star said...

The Buddha was pretty specific about the suffering we have in this life *not* being a result of actions in past lives: "When one falls back on what was done in the past as being essential, monks, there is no desire, no effort [at the thought], 'This should be done. This shouldn't be done.' When one can't pin down as a truth or reality what should & shouldn't be done, one dwells bewildered & unprotected." (from accesstoinsight.org AN 3.61). The most recent post on my blog is also relevant to this topic, I think, being a consideration of what the Buddha said to put an end to speculation over past lives.

Arhat Ariyashakya said...

The fact is that the religion originally established by Siddharta Gautama, the One Buddha, is:

The Buddha
The Buddha Dharma-Vinaya
The Buddha Sangha.

In other words, no Buddha Sangha, no Buddhism.

That is:

Only Buddhist Monk or Buddhist Nun sayings, writings, or teachings, is Buddhism, it is Buddha's religion being presented.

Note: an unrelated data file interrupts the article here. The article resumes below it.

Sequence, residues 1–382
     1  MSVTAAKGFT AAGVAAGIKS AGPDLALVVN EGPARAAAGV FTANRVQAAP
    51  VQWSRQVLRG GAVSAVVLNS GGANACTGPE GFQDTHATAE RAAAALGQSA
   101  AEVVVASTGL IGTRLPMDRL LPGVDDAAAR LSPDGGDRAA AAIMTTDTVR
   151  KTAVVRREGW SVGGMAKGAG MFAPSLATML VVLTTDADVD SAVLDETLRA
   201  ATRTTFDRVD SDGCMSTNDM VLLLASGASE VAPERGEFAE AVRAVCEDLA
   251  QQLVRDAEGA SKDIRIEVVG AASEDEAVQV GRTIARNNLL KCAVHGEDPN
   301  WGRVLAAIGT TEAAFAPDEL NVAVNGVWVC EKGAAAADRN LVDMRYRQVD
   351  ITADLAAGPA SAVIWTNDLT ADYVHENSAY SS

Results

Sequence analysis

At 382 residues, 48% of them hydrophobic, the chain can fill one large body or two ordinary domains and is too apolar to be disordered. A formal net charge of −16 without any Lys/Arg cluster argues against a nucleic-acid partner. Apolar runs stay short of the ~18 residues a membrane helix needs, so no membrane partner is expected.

Now, if it is a true Buddhist Monk, i.e., Bhikshu, or a true Buddhist Nun, i.e., Bhikshuni, then their sayings, writings, or teachings is only about the Buddha, or the Buddha Dharma-Vinaya.

When this is the case, all well & good to Humanity and to all sentient beings.

BD said...

The suffering we endure is also relative. What is a lot for me , is nothing for you. I too have spent time spinning my wheels, my youngest has a lot of health issues and that can lead to a tendency to question why ...but as you said the past is the past, and now I endeavor to place my focus on the now

trinitystar said...

It is always past, the moment is gone ... we need to learn to forgive ourselves and move on.
Life is for living and loving.
Majority of illnesses have been contributed by the toxic stuff they put in them and on them and even more so now.
Regards

Shravasti Dhammika said...

Dear James, I would agree that karma is one of the least understood principles of Buddhism and inadvertently you might have reinforced some of the misunderstandings about it. I couldn’t help notice that you spoke of karma only in terns of the negative – disease, pain, poverty, lack of talent, suffering, severe psychiatric conditions, etc. What about positive actions and their positive effects? Is not that just as much an aspect of karma? Why is it that we Buddhists always present karma mainly in terms of the negative? Perhaps our critics have a point when they we Buddhists are pessimistic.